13 April 2011
There will be a different album each week (in no particular order).
I bought the first one today (SPLHCB ) with the collection box, and for geeks it seems to be the same basic format/artwork/layout as the 2009 edition although it has an extra wording written along the bottom of the back cover in Italian.
15 August 2012
Yeah, it's a nice looking box. Probably more practical than the one the 2009 stereo remasters came in, and would go well next to the Mono Masters box.
14 September 2012
Coming from any other country besides Italy, one could conceivably not be blamed for desperately wanting this latest petroleum-wasting concoction from the marketing geniuses at Apple/Capitol/EMI/Parlophone/Southern/Eastern/Western/Northern Songs & all the other greedy bastard music companies around the world- after all, there are so many insubstantial permutations and bastardizations of the Pure, Blossoming, Virginally Sweet Sounds of The Beatles that have already screwed up every single audiophonic memory of the original songs known to Mankind up until now - mono, stereo, high fidelity, noise-reduced, bass-enhanced, Dolby-treated, half-speed remastered, surgically remixed, 32-track, quadrophonic, streamed, mp3'd, analogued, digitized and circumsized to the point where we can't even remember George Martin's rudimentary can-and-tight-string recording technique that seemed to work JUST FINE for the pitiful, less fortunate and untrained ears of the day, bless their ignorant hearts.. but that's another ramble...
Wake me up a year from now, when Italy might have the balls to release a 20th-Anniversary Reissue of the 'Artifacts' CD Box Sets from the Big Music Co. that beat out Anthology by almost two years and delivered about 15 more Hours of unreleased material.
Has ANYONE else ever heard of these??
1 May 2011
Yip. Three volumes of 5 cd sets. The first 2 volumes covered '58 - '70 (going over that period twice due to the amount of stuff out there) and the third was the solo years up to '94 (the one i never got). They had some amazing tracks, quite rare at the time, and made everyone jump at such a collection.
There are stories that Artifacts nudged Apple into being more determined to release 3 Anthology volumes due to how well it sold, the same as said about Great Danes's 9 BBC set (which increased to 10) which made Apple wake-up and give us Live At The BBC (which they balls it up by only giving us 2cds).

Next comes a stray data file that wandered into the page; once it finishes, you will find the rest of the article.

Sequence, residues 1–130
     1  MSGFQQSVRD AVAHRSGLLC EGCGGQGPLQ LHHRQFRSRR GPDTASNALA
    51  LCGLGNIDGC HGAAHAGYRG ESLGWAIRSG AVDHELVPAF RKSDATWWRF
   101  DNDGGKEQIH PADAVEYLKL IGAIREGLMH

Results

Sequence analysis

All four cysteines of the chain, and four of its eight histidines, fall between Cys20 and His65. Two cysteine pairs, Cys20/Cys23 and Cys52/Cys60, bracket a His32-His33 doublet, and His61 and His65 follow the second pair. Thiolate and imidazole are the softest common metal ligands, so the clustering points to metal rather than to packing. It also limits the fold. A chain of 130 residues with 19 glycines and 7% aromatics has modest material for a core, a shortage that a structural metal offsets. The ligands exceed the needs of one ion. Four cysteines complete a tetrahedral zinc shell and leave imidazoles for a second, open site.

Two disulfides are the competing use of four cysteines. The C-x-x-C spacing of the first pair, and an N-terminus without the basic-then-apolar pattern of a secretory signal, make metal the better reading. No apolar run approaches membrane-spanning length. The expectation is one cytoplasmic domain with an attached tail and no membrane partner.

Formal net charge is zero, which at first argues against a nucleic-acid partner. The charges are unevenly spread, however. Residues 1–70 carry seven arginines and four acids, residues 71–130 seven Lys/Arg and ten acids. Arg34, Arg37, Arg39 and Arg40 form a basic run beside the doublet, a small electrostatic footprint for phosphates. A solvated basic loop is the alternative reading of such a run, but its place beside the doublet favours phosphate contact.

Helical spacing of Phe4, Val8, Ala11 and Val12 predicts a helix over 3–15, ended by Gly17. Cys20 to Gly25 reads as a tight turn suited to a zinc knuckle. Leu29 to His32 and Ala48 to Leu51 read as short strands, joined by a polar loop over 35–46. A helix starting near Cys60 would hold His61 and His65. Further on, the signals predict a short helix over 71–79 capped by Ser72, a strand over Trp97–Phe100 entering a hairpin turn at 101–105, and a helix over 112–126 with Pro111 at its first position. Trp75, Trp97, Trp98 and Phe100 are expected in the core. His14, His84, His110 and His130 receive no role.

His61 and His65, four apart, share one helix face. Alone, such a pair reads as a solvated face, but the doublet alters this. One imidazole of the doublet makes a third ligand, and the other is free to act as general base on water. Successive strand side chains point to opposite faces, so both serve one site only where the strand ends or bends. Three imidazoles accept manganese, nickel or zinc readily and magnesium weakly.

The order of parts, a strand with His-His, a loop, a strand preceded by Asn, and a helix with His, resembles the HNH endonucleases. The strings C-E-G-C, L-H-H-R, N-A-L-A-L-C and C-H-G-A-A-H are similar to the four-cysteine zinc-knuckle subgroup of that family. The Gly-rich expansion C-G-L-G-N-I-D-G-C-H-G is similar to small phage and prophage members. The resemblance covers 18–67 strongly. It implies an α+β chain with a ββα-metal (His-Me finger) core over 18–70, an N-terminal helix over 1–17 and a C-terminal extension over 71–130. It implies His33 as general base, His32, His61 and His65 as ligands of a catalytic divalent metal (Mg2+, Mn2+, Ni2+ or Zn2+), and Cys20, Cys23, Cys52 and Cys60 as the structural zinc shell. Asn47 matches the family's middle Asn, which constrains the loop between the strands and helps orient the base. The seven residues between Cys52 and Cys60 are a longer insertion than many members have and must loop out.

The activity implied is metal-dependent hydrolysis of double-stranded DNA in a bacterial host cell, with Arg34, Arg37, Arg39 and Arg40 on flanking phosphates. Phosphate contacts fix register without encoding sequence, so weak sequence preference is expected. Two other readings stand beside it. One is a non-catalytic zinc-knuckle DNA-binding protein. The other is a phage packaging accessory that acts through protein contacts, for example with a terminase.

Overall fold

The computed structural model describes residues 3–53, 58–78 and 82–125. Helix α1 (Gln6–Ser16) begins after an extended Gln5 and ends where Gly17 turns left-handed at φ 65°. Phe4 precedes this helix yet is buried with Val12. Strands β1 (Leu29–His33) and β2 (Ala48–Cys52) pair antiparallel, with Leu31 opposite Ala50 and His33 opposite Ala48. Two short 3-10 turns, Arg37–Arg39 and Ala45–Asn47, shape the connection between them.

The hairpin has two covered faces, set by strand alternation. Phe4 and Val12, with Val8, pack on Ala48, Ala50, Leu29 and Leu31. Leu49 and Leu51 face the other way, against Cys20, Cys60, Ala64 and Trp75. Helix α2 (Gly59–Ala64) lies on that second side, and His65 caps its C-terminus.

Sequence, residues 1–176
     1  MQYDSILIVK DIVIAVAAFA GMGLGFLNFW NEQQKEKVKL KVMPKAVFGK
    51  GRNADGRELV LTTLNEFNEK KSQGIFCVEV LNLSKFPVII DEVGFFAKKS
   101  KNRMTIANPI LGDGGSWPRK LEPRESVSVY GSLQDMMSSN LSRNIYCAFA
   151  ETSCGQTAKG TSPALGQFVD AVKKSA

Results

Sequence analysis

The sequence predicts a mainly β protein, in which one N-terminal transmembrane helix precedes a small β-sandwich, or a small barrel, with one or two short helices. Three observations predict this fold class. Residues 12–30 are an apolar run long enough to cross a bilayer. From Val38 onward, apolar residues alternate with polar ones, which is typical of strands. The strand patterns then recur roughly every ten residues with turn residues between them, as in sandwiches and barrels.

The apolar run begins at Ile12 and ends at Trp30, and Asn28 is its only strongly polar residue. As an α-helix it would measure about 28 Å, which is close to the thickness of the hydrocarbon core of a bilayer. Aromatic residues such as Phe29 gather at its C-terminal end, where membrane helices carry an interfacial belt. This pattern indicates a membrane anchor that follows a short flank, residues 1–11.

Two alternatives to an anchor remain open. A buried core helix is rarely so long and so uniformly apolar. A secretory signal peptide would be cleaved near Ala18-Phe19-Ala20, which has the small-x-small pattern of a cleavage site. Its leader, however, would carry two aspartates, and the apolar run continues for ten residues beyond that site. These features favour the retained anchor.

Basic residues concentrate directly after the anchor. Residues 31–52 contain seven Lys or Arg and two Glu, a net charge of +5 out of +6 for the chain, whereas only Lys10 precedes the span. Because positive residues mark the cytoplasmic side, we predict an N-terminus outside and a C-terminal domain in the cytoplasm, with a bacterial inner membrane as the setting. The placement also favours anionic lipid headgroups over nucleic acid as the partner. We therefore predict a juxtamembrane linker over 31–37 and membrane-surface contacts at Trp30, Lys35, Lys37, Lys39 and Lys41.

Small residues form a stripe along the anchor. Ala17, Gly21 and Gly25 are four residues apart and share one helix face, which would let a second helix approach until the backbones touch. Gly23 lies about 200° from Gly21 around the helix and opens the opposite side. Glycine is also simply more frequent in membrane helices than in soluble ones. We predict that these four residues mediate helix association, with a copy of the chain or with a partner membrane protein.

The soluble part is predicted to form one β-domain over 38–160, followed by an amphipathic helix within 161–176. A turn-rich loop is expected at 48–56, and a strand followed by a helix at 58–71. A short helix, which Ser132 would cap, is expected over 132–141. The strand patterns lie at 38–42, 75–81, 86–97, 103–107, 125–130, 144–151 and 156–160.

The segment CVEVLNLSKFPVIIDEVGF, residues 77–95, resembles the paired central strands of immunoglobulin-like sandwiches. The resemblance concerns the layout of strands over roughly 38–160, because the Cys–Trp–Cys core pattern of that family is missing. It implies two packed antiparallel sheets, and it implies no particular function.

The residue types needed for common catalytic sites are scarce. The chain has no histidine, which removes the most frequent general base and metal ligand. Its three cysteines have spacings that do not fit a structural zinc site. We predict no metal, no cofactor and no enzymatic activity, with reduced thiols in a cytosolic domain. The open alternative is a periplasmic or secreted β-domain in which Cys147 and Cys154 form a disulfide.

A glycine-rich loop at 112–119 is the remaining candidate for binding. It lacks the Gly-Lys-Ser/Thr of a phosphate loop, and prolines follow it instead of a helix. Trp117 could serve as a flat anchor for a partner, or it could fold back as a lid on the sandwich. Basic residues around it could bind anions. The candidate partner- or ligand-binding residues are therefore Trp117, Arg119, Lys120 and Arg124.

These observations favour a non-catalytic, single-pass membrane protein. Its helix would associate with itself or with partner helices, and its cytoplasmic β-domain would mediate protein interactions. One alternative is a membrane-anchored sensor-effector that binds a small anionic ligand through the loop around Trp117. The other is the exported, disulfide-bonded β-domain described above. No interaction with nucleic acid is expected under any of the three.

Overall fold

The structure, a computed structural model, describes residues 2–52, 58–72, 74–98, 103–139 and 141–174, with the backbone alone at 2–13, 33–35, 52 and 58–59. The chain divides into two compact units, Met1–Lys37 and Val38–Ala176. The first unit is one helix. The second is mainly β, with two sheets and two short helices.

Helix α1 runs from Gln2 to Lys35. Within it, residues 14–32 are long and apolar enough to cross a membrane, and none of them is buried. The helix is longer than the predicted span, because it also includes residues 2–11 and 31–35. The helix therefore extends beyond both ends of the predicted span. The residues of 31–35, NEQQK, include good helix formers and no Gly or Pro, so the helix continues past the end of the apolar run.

If only the same had occurred with The Get Back Journals which sold heavily and stunned everyone when it came out, but that was a different time.
There is no reason why Artifacts couldnt be released for its 20th. Quite a few labels are updating and remastering bootleg albums and collections as there is still a market and its not as if the music has gotten stale.
If the Italian cds were new remasters i'd have been thouroughly pissed off but its just new packaging - tho i cant help thinking "whats the point?". Am still waiting to buy an official beatles motorway roadsign heater.
"I told you everything I could about me, Told you everything I could" ('Before Believing' - Emmylou Harris)
I get the fear when I think of all the Beatles bootlegs out there. Too much to listen to, so I end up listening to almost none of it. I know if I started I probably wouldn't be able to stop, and I don't have time...
That said, here's what I wish Apple would do. Go through all the session tapes, mix them in stereo, then release them. Every single one.
A recording session typically lasted for three hours in the 1960s, though some days there were multiple sessions booked (with short breaks between each one), and towards the end of the decade they just carried on working as long as they wanted. Obviously a three-hour session didn't result in a full three hours of music, as there were discussions, experiments, and sometimes things were recorded over.
Sell each session tape for about £7/$10 on iTunes. Apple would make an absolute fortune, the collectors would be happy, and our understanding of the songs' development would increase hugely. It wouldn't harm the group's reputation or diminish sales of the albums, but would get the music out of the EMI vaults where they're only ever heard by a handful of people.
They could begin by giving an official release to the Get Back /Let It Be sessions. If people were willing to sit through all of that stuff, it would show there's a demand for it. Alternatively, round up all the live bootlegs and sell them officially for £5/$7 each. The alternative is that people listen to them anyway and nobody gets paid (which is good for the listener but less so for Apple).
On a similar note, I've lost count of the number of times I've read about rare tapes or artifacts that get sold at auction to a mystery buyer, "believed to be Paul McCartney ". Assuming it's him and he routinely outbids everyone else to accumulate Beatles items, why do we never get to hear them? What's the point of things sitting in bank vaults or personal libraries when they have enormous commercial value?
I've gone a bit off topic, but thanks for reading!